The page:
Shouldn't I first try to seek out some consumer credit counseling?
Consumer Credit Counseling agencies of Los Angeles offer debt consolidation plans that only helps about 30% of the people who seek them out.
Many such agencies claim to be non-profit, however many receive most of their funding from commissions called “fair share” plans paid to them by the credit industry. This is a clear conflict of interest.
Can a paralegal or a legal document service represent me?
In Maryland, legal document preparers and paralegals cannot represent you. They cannot even give you legal advice. Further, they cannot represent you in court. Only an attorney can do those things for you. People go to them because they feel that it is cheaper than hiring a lawyer. Bankruptcy cases are very complicated and it takes the full attention of an experienced attorney to get the very best outcome for you.
Should I negotiate with my creditors?
Yes, but your creditors do not make it easy. Most creditors will not negotiate with you unless the account is already very delinquent. They usually want the settlement money “up front”…no payment plans; and after you pay out all the money, it does not restore your credit.
Would a debt consolidation plan be better for me?
It really depends on your situation – and on the consolidation company. Frequently, debt consolidation plans are phony deals that enrich the company at your expense. At the end of the day, your credit will be just as bad as or worse than if you had filed bankruptcy and you will still be in debt. There is only one way to have good credit and keep good credit…you must always pay according to the original terms and never owe more than you can afford to pay back.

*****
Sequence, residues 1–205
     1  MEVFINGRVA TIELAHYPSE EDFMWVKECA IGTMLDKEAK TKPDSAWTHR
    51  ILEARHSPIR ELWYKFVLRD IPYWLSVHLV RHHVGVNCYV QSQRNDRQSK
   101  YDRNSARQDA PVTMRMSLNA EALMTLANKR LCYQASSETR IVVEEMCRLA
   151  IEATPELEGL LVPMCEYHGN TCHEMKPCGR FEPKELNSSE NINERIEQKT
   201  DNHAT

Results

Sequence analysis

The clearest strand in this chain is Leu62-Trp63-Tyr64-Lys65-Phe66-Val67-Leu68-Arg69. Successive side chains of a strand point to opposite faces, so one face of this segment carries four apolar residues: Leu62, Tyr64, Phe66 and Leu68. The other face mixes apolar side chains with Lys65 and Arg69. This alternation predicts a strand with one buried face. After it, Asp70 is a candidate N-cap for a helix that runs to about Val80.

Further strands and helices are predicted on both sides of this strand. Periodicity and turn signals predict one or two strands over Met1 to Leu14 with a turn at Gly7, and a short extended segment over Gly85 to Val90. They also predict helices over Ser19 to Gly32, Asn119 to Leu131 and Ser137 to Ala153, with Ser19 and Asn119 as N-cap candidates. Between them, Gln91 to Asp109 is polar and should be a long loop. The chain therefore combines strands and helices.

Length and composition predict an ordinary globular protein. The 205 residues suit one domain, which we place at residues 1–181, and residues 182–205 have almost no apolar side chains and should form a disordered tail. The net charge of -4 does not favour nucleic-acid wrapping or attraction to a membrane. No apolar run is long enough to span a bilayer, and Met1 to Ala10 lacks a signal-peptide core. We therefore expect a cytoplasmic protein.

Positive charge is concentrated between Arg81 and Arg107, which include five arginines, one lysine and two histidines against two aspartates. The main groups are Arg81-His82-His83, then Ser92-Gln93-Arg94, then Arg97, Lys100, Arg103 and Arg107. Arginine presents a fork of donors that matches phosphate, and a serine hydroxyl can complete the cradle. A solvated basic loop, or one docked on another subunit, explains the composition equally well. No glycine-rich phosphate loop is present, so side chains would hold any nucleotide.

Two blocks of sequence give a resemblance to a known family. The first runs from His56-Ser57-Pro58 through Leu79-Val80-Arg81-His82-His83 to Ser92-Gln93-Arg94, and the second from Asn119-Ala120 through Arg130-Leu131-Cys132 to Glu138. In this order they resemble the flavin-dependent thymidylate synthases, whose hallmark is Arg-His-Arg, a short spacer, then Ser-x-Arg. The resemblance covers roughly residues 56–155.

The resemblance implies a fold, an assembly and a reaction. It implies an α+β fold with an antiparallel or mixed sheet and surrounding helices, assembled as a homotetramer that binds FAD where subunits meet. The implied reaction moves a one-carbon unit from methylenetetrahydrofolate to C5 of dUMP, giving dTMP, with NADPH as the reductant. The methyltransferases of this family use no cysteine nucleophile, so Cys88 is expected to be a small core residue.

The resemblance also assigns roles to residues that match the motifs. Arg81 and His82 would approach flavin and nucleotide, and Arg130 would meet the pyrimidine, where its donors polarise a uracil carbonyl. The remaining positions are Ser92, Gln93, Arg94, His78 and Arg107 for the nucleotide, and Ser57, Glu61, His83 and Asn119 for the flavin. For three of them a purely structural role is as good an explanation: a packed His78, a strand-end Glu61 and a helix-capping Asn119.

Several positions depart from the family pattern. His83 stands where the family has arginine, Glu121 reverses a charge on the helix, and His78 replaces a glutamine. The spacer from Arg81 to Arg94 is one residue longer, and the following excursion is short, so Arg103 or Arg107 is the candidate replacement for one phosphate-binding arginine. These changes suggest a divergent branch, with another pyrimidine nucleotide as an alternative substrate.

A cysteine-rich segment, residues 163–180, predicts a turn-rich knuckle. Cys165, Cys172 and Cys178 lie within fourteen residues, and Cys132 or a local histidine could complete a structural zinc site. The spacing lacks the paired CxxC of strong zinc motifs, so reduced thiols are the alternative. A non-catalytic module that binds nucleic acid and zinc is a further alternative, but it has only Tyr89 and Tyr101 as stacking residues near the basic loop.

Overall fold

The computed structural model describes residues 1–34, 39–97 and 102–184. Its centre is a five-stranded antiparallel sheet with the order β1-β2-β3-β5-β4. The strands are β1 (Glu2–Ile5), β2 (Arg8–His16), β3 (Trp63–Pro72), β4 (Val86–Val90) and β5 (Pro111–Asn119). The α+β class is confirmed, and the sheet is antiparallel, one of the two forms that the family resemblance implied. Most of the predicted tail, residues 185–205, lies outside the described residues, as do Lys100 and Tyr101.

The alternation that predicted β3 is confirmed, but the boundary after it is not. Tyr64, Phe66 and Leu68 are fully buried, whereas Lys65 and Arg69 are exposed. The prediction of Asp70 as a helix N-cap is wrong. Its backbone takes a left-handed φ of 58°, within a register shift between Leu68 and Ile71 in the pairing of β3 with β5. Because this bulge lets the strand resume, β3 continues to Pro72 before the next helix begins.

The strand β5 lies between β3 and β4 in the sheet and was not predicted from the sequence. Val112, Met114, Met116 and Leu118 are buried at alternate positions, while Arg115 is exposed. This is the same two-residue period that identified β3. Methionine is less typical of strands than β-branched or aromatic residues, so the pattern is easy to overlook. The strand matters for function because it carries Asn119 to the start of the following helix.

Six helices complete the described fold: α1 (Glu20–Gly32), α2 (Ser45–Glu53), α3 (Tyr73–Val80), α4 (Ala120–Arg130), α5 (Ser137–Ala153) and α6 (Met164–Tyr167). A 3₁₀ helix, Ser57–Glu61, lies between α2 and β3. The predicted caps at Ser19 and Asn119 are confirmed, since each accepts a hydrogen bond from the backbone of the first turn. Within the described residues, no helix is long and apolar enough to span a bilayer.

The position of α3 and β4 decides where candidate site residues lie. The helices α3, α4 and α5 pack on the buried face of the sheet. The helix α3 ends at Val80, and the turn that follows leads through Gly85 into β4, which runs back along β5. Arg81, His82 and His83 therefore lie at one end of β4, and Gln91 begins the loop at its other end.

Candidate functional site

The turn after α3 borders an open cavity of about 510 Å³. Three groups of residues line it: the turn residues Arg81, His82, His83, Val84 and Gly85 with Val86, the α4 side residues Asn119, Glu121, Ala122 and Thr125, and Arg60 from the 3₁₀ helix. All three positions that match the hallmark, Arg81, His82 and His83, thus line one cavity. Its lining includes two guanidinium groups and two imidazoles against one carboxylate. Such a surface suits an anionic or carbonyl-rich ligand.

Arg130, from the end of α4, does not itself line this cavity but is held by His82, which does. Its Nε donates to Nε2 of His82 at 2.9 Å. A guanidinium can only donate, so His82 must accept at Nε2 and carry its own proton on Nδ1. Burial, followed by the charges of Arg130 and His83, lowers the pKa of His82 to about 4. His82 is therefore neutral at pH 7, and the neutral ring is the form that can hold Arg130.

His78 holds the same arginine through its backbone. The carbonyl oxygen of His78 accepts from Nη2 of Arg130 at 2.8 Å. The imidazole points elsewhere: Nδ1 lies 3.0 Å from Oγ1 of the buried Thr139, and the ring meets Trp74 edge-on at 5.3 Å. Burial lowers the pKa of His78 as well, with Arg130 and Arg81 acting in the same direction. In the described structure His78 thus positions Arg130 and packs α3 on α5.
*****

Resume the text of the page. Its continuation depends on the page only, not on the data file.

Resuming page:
Will I be able to finance a new car after filing bankruptcy?
If your income qualifies you, you will most likely be able to finance a new car. However, you will probably be charged a higher rate of interest.
Will I ever be able to buy a house?
Most mortgage companies tell us that after 2 years, bankruptcy doesn't hurt your chances of buying a home, so long as you are otherwise qualified.
What does bankruptcy do to my credit?
In the end, a bankruptcy can make your credit better. Even if you've always made all your payments on time, you may owe so much money that a new credit application would be denied, so eliminating your debt would improve your credit.
What is the difference between Chapter 7, Chapter 11, and Chapter 13?
There are three types of bankruptcy cases — Chapters 7, 11, and 13.
The goal for individuals who file Chapter 7 is to free themselves of debt through a bankruptcy discharge.
Corporations, partnerships, and sole proprietors wishing to remain in business and reorganize their financial affairs may file Chapter 11.
Chapter 13 is for individuals with regular income who want to reorganize their financial affairs. The debtor proposes a repayment plan, say to catch up on the arrears on their home mortgage. Only individuals and sole proprietors are eligible for Chapter 13, which is simpler and much less expensive than a Chapter 11.
Do I owe enough to file bankruptcy?
Many people think there is a magic number for being eligible to file. The decision to file is an individual decision that is based upon a lot of things, besides just the amount of debt you have. It depends on your particular circumstances of income and expenses. Factors such as how much you can afford to pay back, job stability, age, family needs, and health problems are all to be considered.
Part of what a good bankruptcy lawyer will do it go over your situation and discuss how bankruptcy will affect you. The bankruptcy attorney should give you whatever recommendations they can, and explain why they recommend that you look further at that option. We will help you through the process. Call or e-mail us today for a free consultation.